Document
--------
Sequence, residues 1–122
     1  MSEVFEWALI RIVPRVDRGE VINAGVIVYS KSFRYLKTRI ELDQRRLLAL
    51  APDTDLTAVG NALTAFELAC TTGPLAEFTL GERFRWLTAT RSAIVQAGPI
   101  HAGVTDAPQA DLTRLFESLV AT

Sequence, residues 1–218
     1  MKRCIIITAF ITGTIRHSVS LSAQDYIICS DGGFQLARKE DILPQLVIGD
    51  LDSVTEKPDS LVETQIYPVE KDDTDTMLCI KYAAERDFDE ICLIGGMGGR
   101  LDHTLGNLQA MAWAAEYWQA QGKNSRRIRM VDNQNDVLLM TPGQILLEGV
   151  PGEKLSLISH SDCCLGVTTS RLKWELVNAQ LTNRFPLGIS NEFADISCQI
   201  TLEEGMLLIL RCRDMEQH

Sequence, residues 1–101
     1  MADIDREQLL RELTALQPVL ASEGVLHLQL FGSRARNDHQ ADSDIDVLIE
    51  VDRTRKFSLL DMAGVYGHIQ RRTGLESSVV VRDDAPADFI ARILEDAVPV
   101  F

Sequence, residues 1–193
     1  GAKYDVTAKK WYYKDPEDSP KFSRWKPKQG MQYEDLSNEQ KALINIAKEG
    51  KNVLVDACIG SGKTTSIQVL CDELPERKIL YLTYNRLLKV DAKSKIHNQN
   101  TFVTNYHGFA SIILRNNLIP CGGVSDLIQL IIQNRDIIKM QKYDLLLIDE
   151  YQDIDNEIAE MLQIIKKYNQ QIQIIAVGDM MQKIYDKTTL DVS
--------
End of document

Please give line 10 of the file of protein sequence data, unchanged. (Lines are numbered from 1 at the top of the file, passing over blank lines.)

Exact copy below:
   201  TLEEGMLLIL RCRDMEQH